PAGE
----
Cysteamine-induced duodenal ulcer and acid secretion in the rat

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Duodenal ulcers can be produced in rats within 24 h by a single subcutaneous administration of cysteamine. To determine the role of gastric acid secretion in the pathogenesis of these ulcers, secretory and pathoanatomic studies were performed in chronic fistula rats ater an ulcerogenic dose of cysteamine. A prolonged increase of acid secretion was seen after cysteamine, reaching fourfold the basal level after 5 h. The acid response lasted for 10 to 11 h. After vagotomy cysteamine-induced acid secretion was markedly reduced. Ulcer formation was prevented by vagotomy and by drainage of the gastric juice before it entered the duodenum. When a gastric acid output equivalent to that produced by the ulcerogenic dose of cysteamine was induced by repeated injections of pentagastrin, no mucosal changes were seen in the duodenum. These results indicate that, although some acid in the duodenum is required for ulcer formation, the hypersecretion of acid induced by cysteamine is not the only factor responsible for the development of duodenal ulcer.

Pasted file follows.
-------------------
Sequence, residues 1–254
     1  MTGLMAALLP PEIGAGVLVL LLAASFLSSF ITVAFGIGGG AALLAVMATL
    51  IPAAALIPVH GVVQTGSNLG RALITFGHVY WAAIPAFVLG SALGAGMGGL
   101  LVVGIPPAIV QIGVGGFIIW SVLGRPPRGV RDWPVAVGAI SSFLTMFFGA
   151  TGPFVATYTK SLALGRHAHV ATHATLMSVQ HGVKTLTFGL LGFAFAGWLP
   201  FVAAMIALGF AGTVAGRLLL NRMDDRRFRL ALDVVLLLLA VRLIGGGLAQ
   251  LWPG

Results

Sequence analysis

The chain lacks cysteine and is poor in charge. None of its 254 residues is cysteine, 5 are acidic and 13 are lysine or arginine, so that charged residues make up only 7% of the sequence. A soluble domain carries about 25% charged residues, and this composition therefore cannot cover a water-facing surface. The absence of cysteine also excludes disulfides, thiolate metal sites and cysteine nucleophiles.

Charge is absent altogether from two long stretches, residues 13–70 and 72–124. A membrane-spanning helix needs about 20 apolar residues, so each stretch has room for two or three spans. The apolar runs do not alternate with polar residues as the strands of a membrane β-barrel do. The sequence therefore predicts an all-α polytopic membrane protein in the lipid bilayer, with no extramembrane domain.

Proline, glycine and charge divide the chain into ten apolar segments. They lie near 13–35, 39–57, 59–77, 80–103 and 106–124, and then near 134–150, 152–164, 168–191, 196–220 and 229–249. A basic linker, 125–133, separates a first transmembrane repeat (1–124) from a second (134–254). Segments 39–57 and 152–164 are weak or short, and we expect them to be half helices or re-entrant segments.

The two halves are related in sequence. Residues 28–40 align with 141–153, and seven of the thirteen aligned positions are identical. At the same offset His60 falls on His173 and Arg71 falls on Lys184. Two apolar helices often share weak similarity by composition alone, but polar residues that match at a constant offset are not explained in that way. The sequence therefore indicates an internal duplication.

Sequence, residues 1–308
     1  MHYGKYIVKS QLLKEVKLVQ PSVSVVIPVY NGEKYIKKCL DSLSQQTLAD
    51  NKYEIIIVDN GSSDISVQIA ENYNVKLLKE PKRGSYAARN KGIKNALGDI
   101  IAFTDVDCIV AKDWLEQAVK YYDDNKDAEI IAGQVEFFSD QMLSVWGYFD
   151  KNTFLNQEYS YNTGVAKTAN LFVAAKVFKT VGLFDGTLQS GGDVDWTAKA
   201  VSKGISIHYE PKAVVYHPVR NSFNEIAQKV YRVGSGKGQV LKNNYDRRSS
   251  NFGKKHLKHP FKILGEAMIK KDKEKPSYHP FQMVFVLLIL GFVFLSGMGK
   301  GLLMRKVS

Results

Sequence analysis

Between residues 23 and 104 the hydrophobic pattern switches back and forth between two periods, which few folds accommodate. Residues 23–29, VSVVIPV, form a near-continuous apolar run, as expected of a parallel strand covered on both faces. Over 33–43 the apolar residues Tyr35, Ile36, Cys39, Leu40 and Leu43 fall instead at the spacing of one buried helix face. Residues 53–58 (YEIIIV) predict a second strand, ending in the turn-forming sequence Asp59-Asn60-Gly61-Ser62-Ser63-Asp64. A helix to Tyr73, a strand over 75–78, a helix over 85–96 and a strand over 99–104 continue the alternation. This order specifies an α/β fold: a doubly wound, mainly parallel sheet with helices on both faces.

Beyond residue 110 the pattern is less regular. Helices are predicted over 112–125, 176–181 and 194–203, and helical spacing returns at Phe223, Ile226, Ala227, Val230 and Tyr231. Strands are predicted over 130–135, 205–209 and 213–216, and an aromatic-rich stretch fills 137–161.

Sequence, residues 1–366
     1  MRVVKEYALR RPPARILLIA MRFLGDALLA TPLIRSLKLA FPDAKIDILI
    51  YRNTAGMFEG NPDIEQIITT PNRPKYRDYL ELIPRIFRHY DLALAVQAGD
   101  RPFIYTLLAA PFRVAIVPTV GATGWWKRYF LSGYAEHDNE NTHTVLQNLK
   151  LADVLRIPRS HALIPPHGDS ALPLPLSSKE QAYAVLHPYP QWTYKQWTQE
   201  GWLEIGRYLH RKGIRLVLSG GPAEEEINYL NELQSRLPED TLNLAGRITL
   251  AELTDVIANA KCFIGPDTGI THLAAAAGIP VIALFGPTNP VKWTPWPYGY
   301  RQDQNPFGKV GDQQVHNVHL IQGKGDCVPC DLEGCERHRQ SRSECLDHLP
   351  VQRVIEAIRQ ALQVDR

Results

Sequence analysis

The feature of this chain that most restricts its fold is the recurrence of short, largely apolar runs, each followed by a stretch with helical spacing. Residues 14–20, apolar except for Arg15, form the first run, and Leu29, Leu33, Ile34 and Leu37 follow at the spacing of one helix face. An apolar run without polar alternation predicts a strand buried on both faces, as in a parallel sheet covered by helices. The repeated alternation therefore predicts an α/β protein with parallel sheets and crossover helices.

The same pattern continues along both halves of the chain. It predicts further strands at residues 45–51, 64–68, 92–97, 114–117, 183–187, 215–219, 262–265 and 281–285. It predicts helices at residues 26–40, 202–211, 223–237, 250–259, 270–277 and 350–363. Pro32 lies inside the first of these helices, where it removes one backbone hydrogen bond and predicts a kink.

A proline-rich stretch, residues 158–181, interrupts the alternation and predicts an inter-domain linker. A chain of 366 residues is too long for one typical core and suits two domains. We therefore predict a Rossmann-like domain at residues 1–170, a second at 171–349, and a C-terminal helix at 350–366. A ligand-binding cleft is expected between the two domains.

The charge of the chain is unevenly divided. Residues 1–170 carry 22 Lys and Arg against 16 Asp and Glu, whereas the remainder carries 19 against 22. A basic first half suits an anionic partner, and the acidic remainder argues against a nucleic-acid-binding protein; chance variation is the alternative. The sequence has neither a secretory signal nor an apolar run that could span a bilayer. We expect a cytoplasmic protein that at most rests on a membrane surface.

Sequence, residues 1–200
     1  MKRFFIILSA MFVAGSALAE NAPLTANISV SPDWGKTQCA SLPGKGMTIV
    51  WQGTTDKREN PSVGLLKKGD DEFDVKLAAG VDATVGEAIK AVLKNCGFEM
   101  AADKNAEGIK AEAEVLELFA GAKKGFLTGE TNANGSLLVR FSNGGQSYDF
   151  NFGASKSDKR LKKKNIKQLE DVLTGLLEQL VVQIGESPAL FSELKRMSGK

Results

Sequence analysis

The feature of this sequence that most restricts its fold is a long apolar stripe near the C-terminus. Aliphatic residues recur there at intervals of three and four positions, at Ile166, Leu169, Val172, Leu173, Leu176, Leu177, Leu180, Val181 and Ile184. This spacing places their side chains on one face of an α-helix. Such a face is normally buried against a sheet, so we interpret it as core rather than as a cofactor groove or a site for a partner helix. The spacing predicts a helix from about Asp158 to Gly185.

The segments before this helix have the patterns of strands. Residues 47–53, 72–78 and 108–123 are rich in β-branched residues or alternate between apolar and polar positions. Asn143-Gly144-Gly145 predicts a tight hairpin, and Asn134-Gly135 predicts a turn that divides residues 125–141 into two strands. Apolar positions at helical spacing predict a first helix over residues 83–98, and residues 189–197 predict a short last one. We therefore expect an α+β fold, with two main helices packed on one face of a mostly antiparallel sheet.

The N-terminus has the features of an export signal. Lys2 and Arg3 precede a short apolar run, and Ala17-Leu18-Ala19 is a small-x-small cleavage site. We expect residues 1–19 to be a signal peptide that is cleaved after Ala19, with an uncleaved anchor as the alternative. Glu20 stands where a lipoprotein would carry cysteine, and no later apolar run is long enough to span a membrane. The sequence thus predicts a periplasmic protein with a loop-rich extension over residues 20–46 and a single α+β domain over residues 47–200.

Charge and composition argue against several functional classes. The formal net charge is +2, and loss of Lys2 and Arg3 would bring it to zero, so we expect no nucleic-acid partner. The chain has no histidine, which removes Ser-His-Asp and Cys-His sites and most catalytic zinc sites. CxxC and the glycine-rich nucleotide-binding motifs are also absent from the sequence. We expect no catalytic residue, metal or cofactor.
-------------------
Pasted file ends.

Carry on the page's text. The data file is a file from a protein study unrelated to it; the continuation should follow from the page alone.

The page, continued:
Original languageEnglish
JournalScandinavian Journal of Gastroenterology
Issue number5
Pages (from-to)621-4
Number of pages4
Publication statusPublished - 1980

    Research areas

  • Animals, Cysteamine, Duodenal Ulcer, Female, Gastric Acid, Gastric Fistula, Intestinal Mucosa, Pentagastrin, Rats, Secretory Rate, Vagotomy

ID: 47490136